“Indigenous-focused and Indigenous-led initiatives will be at the heart of this new space and giving the spaces Indigenous names is just the start,” reads the WAG’s website where pronunciations and audio clips for the new names are available.

“We are thrilled to share the names of the spaces in the seven Indigenous languages of Manitoba and Inuit Nunangat,” said Dr. Heather Igloliorte and Dr. Julie Nagam, co-chairs of the Indigenous Advisory Circle for Winnipeg Art Gallery, in a joint statement.

“The Circle demonstrates the breadth of knowledge that represents the relationship to the collection and the buildings and it has been an incredible experience for all Circle members. We are so honoured to gift the institution with these new names that point to a new path forward for galleries and museums in this country,” the statement continued.

The WAG also states that the “historic naming responds to the United Nations Declaration on the Rights of Indigenous Peoples Article 13 and the Truth and Reconciliation Commission’s Call to Action 14i, both of which reference the importance of Indigenous languages.”

Article 13 reads:

Indigenous peoples have the right to revitalize, use, develop and transmit to future generations their histories, languages, oral traditions, philosophies, writing systems and literatures, and to designate and retain their own names for communities, places and persons.

TRC Call to Action 14i states:

Aboriginal languages are a fundamental and valued element of Canadian culture and society, and there is an urgency to preserve them.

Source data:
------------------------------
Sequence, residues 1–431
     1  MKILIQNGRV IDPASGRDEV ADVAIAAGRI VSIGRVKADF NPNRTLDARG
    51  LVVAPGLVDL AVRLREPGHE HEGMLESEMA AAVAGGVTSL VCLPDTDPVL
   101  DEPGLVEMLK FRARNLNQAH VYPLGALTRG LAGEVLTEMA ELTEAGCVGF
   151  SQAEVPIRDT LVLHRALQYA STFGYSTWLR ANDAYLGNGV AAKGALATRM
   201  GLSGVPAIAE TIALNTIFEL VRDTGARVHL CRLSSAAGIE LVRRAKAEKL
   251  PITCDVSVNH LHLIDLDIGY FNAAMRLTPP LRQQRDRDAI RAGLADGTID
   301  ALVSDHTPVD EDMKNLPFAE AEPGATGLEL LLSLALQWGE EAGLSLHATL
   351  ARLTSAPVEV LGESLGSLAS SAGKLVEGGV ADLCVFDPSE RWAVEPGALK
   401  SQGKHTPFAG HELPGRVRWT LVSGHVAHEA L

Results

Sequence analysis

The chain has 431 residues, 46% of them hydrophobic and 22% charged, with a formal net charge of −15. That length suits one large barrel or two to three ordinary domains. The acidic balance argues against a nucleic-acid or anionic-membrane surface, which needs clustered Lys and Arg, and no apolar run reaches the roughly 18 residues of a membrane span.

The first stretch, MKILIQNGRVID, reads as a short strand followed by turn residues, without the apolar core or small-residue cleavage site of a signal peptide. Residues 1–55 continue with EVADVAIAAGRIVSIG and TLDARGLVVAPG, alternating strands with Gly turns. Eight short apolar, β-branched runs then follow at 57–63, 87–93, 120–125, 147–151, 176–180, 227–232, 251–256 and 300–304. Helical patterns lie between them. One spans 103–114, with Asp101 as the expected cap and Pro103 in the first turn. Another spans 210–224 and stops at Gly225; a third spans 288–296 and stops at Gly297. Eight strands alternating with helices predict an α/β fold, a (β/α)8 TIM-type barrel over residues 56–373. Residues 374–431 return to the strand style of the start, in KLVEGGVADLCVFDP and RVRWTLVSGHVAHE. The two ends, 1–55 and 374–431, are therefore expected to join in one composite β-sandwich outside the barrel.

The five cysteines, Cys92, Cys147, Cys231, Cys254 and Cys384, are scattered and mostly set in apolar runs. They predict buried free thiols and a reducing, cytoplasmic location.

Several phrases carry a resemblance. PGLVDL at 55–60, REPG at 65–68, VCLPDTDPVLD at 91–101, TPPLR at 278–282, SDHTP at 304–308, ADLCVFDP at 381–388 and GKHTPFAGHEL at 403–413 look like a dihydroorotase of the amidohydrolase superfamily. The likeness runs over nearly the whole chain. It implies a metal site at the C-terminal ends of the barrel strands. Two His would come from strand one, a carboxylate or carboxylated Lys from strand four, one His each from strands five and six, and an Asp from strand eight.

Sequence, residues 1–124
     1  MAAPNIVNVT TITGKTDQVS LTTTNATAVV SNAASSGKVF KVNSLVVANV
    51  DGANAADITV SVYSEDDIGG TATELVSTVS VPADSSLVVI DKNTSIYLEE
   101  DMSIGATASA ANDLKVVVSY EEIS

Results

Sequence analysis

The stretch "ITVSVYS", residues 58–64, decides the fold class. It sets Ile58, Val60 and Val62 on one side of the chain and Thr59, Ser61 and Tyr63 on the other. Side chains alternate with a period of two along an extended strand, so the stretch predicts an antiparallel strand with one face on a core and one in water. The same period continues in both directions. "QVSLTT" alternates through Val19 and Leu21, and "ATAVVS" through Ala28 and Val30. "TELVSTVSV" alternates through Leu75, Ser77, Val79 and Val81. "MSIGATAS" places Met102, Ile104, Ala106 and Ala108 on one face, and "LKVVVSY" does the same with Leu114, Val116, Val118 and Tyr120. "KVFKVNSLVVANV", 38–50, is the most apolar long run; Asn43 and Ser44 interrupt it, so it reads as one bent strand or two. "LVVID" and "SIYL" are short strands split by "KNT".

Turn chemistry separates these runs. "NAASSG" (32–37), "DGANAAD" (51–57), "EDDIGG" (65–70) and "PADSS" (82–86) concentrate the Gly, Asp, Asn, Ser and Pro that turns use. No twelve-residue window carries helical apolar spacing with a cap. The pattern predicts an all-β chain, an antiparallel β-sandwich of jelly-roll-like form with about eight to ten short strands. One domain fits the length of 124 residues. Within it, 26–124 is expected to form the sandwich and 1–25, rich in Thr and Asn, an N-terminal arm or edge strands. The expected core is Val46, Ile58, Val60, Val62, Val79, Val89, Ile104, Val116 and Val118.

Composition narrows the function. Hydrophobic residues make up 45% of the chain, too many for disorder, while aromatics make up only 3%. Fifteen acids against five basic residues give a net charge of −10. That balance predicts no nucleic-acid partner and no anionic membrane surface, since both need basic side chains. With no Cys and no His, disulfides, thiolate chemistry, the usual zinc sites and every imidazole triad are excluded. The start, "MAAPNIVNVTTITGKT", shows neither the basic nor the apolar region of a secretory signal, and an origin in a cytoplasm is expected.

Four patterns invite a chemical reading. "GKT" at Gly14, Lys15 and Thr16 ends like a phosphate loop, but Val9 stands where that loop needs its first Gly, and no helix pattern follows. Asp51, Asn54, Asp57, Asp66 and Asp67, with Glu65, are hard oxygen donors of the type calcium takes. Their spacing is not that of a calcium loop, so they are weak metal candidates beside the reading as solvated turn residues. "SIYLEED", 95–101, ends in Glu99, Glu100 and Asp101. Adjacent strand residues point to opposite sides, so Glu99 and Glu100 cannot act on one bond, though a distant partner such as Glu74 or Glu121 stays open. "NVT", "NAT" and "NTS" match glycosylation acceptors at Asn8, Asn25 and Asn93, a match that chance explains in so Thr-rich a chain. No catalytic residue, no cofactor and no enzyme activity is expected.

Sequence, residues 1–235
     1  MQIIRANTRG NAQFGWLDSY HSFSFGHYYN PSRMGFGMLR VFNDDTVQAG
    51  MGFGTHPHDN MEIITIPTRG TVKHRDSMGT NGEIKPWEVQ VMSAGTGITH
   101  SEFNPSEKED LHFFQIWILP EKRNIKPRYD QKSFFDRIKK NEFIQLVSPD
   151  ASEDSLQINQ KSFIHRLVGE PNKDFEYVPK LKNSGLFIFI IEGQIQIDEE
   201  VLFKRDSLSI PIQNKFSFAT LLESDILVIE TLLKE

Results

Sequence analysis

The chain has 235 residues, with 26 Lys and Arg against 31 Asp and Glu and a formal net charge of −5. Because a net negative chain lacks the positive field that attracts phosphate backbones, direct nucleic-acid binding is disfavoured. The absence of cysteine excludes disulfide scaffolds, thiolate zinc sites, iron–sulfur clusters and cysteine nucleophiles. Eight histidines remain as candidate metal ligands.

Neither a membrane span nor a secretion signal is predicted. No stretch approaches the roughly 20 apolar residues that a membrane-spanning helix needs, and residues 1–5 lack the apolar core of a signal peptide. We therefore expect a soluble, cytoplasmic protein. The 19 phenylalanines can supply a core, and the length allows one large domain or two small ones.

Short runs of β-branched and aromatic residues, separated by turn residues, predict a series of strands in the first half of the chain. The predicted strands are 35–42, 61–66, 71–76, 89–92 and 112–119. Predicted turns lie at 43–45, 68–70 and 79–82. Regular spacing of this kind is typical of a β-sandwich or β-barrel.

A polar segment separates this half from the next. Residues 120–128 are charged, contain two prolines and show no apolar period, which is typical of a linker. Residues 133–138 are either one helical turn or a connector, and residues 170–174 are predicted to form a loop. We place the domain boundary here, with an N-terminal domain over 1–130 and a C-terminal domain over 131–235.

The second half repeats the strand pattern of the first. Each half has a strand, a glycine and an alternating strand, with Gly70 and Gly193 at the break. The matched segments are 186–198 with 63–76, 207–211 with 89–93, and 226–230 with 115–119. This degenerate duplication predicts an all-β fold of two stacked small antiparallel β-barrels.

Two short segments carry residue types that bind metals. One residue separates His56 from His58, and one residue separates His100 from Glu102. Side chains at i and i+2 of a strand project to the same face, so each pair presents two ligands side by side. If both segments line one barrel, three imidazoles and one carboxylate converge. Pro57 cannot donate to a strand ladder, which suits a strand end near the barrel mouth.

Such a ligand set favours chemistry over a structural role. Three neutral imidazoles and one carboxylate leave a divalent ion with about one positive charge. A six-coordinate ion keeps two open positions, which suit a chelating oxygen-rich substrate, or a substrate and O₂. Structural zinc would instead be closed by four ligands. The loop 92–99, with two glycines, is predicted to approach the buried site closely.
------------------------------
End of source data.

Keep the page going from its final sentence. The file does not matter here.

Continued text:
A press release issued by WAG states that Qaumajuq “will innovate the art museum, taking art from object to full sensory experience with Inuit-led programming.” One of these features includes the three-storey tall column called the ‘visible vault’ that is filled with thousands of Inuit carvings and immediately viewable upon entry into Qaumajuq.

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“This is a place that amplifies and uplifts Inuit stories, connecting Canada’s North and South. This is a site for reconciliation… We can’t wait to unveil this new cultural landmark in the heart of the country with these new names honouring Indigenous voices and languages,” Borys said.

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Art-loving couple helping Bayfield arts hub get off the ground – Toronto Star

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A Bayfield-based arts non-profit is moving forward with plans for an arts centre in the Huron County community, thanks to a large donation from a local couple.

The Bayfield Centre for the Arts (BCA) has purchased a building on the village’s edge that will be transformed into a 1,115-square-metre visual arts hub.

“The concept of a Bayfield arts centre had been cooking for several years, but I wanted to formalize the vision . . . in terms of acquiring a building and bringing together a number of art organizations under one roof,” said centre president Leslee Squirrell.

Squirrell said the new facility will include an art gallery to showcase local artists and travelling exhibits, plus studio spaces and rooms for workshops.

A variety of arts will be featured, from new media and photography to painting, pottery and woodworking.

“We do have a big vision,” Squirrell said. “Even though the centre itself might be located in Bayfield, the purpose is to be a destination arts centre. It’s for the broader local community and those all over the county.”

Purchase of the building, at Highway 21 and Cameron Street, was made possible by a “significant financial donation” from Huron County residents Mac Voisin and Marcela Bahar.